After Less Than A Year, Planned Parenthood Ousts Its President Leana Wen
STEVE INSKEEP, HOST:
What really happened at Planned Parenthood? The reproductive health organization is forever in the middle of a white-hot battle over abortion rights, and now it is in the middle of a leadership change. Dr. Leana Wen is out as president. People who follow the news may think, wait, didn't Planned Parenthood just recently get a new president? And you wouldn't be wrong because Dr. Wen did not serve all that long. NPR's Sarah McCammon covers reproductive rights and joins us now. Good morning.
SARAH MCCAMMON, BYLINE: Morning, Steve.
INSKEEP: How does Wen say she was ousted?
MCCAMMON: Well, first of all, you're right. She was just there about 10 months, and she said on Twitter that she was pushed out after a secret meeting. She said that came after what she described as good faith negotiations over her exit. So she was planning to leave, but she didn't expect to leave in this way. She released a long letter after that in which she says she was on her way out over philosophical differences with Planned Parenthood.
At one point, she said she'd come there to work on a broad range of health care issues but that, quote, "the new board leadership has determined that the priority of Planned Parenthood moving forward is to double down on abortion rights advocacy." And Wen did go on to say that she understands the reasons for that shift given the political moment, and she'll do everything she can to ensure a smooth transition.
INSKEEP: Well, that's interesting because it suggests that there is a much larger issue at play here, that there's a big question about how this organization wants to confront the moment when many states are cracking down on abortion rights. What is Planned Parenthood saying about why she left?
MCCAMMON: There's been no official explanation from Planned Parenthood other than just to say she's out, has been replaced on an interim basis. And they thanked her for her service, wished her well. But I've spoken to several people close to the organization, Steve, who tell me a number of things.
They say there were issues with Wen's leadership style from the beginning, that she wasn't a great fit with the organization. A lot of key leaders and other staff left Planned Parenthood after Wen came in. And another factor I've been told is Wen's background as a public health official and a physician. Sources say she seemed more comfortable at times talking about a broader range of health issues than advocating for abortion rights, which she sort of indicates in her letter.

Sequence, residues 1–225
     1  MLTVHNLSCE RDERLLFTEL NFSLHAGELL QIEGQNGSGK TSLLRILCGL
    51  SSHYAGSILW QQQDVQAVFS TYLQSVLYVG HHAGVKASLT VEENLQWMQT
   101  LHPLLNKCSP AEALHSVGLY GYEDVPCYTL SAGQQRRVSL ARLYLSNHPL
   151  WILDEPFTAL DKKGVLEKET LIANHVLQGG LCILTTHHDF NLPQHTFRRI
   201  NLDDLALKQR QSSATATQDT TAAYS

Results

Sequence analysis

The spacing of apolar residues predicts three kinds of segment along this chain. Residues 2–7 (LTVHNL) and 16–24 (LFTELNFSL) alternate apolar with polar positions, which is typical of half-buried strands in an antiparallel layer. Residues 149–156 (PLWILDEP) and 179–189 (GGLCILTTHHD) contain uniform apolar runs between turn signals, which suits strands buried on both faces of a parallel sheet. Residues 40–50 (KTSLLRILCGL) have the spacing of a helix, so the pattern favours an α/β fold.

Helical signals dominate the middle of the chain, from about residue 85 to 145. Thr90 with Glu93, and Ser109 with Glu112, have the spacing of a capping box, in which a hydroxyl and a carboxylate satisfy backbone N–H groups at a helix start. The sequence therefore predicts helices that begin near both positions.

MCCAMMON: And this, again, is at a time when reproductive rights advocates feel very much under attack. I did reach out to Wen's team, her communications team, for a response. They released a statement to NPR that said she was making big changes, that she'd been hired to realign the organization and saying the board essentially knew who she was and should have stood by her. And they also referred me to several former, you know, professional colleagues and associates who praised her work and leadership style.
INSKEEP: Well, it is fair to ask. I mean, she was only hired 10 months ago. A lot has happened in 10 months. But it was approximately the same political moment. Why did they think in the beginning that she was the right person?
MCCAMMON: Right. Well, I've been told, again, by sources close to the organization that when she replaced Cecile Richards, the former president who was a longtime president, high-profile advocate for abortion rights, hiring a physician was seen as a good way to position abortion as part of the larger battle over health care, not just a political issue. But at the same time, this source said Wen and a lot of staff at Planned Parenthood saw Wen as essentially shying away from the abortion issue. And people at Planned Parenthood, many of them are very proud to advocate for that. And there were some frustrations, I'm told, about her willingness and ability to do that, again, in this moment.
INSKEEP: Is this an awkward moment for the organization to be casting about for new leadership?
MCCAMMON: I would say so, given the challenges we've seen to abortion rights at the state level, potential Supreme Court battles looming in the next couple of years. Heading into a presidential election, this is a pivotal time. There are a lot of battles on both sides of this issue right now. And I think it says a lot that the organization has chosen to so quickly replace its leader at this moment. That does tell you a lot about what was going on under the surface.
The interim leader is Alexis McGill Johnson, a longtime Planned Parenthood board member. I'm told she's well-liked. But she's going to have a lot of challenges ahead, and so will the new permanent director, whenever that person is chosen.
INSKEEP: Really interesting story. Thanks for your reporting on it, Sarah.
MCCAMMON: Thank you.
INSKEEP: NPR's Sarah McCammon. Transcript provided by NPR, Copyright NPR.